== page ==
Press Release: The corona pandemic has had serious consequences for the global economy. Around the world, powerful measures have been implemented to mitigate the effects on the real economy and reduce turbulence on financial markets. In Sweden, too, the Government, authorities and the Riksbank have together taken powerful measures. The Riksbank’s assessment is that the Swedish financial system is functioning satisfactorily for the time being. But if the crisis becomes pro-longed, the risks to financial stability will increase. Without further economic pol-icy measures, credit losses in the banking sector then risk increasing to such an extent that banks may have problems maintaining credit supply. The Riksbank is ready to contribute by providing the necessary liquidity.
The coronavirus pandemic has caused an economic crisis
The coronavirus pandemic has completely changed the real economic prospects both abroad and in Sweden. Many Swedish companies have seen a sharp decline in their revenues and are therefore having difficulty paying their expenses. This is affecting both economic growth and unemployment, and there is a risk of the crisis spreading to the banking sector in the form of credit losses.
As in other countries, the crisis has led to the functionality of financial markets in Sweden deteriorating. Uncertainty with regard to how the real economy might cope with the crisis resulted initially in substantial movements and impaired liquidity on financial markets. This made it more difficult for companies and banks to fund their operations.
The Riksbank has taken several powerful measures in a short time to help secure credit supply in the economy. This has been necessary to counteract the decline in the Swedish economy and safeguard price stability. Thanks to the measures introduced by governments, authorities and central banks in Sweden and abroad, financial markets are now functioning better.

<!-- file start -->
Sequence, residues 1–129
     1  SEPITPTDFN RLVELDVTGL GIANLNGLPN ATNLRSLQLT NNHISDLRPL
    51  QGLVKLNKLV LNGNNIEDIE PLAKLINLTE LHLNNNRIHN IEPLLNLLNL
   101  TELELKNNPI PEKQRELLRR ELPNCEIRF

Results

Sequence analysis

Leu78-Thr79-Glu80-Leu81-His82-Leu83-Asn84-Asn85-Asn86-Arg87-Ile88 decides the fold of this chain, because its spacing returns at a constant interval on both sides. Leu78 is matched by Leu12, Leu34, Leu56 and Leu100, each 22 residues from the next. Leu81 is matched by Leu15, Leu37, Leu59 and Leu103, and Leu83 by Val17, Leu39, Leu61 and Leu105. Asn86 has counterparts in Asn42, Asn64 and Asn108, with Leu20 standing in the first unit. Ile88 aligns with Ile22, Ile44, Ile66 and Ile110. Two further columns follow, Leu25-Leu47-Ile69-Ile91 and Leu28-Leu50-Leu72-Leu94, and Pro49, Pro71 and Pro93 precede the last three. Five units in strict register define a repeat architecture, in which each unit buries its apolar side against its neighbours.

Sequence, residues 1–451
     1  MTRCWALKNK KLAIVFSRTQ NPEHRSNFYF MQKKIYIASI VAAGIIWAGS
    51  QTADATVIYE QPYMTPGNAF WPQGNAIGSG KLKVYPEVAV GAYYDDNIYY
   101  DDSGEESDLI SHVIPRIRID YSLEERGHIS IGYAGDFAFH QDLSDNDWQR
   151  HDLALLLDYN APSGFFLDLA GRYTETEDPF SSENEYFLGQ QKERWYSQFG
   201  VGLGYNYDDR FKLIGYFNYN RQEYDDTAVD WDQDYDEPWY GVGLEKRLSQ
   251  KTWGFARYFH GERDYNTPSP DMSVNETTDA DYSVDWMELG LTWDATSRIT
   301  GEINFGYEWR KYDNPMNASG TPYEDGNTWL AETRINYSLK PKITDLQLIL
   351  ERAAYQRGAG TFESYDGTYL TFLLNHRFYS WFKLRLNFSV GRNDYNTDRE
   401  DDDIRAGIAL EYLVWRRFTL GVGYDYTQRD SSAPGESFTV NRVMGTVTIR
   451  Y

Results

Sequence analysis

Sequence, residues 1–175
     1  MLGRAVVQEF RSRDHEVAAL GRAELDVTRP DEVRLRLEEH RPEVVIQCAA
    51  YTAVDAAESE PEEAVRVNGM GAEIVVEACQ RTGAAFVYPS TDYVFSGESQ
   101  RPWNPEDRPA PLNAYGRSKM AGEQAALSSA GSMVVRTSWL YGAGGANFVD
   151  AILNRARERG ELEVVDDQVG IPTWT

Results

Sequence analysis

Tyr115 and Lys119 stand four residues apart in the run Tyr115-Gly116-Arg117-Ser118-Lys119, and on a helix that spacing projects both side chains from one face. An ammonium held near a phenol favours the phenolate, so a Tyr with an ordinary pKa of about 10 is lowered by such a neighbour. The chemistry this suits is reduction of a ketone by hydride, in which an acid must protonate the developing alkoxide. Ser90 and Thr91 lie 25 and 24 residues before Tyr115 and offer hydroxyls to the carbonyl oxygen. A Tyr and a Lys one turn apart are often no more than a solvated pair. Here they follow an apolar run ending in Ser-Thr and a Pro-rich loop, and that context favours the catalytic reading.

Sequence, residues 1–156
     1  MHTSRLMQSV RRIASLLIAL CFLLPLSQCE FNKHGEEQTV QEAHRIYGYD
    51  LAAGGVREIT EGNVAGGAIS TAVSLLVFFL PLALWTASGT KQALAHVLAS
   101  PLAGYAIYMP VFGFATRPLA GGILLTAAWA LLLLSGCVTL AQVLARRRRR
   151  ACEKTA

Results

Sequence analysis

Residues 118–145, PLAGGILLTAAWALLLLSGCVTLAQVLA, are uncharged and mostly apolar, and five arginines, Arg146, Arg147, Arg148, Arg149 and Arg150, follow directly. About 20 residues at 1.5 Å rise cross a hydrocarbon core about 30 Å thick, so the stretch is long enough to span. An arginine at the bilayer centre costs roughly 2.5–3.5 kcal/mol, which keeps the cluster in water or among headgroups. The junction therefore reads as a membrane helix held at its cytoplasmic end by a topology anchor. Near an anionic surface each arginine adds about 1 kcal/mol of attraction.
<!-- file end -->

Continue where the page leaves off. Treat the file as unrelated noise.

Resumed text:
Risk of increased credit losses if the crisis is prolonged
However, it is difficult to say to what extent the measures will be sufficient to mitigate the real economic effects. If the economy returns to a more normal state relatively soon, the consequences for the financial system will probably be limited. If the crisis is prolonged, however, the risks to financial stability will intensify. Credit losses in the banking sector then risk increasing to such an extent that banks may have problems maintaining credit supply. In such a situation, further public-sector measures may be necessary. The Riksbank is ready to contribute by providing the necessary liquidity.
The crisis highlights the importance of good resilience
The Riksbank supports Finansinspektionen’s decision in the prevailing exceptional circum-stances to relax some requirements, including reducing the countercyclical capital buffer requirement to zero per cent and giving banks the option of granting all mortgage borrowers exceptions from the amortisation requirement. In a very difficult and special situation, this reinforces household liquidity and banks’ capacity to supply credit. It is important that banks do what they can to supply sufficient credit to companies and households. The capi-tal and liquidity buffers banks have built up during good times can now be used if necessary.
The coronavirus pandemic shows how quickly and unexpectedly the economic situation can change, and how important it is for the financial system to have good resilience to shocks. Earlier experiences also indicate that in the long run, only well-capitalised banks have the capacity to supply the credit the economy needs. It is therefore important that the established regulations governing banks’ capital and liquidity are now retained.
When the economic situation permits, the resilience of the financial system will need to be reinforced again. If banks have used parts of their capital and liquidity buffers, they will need to gradually build up sufficient capital and liquidity when the crisis is over. It is also necessary to continue the work on reducing the structural vulnerabilities in the financial system and it is high time to take measures to remedy the fundamental problems in the housing market and to reduce the risks linked to the high level of household indebtedness.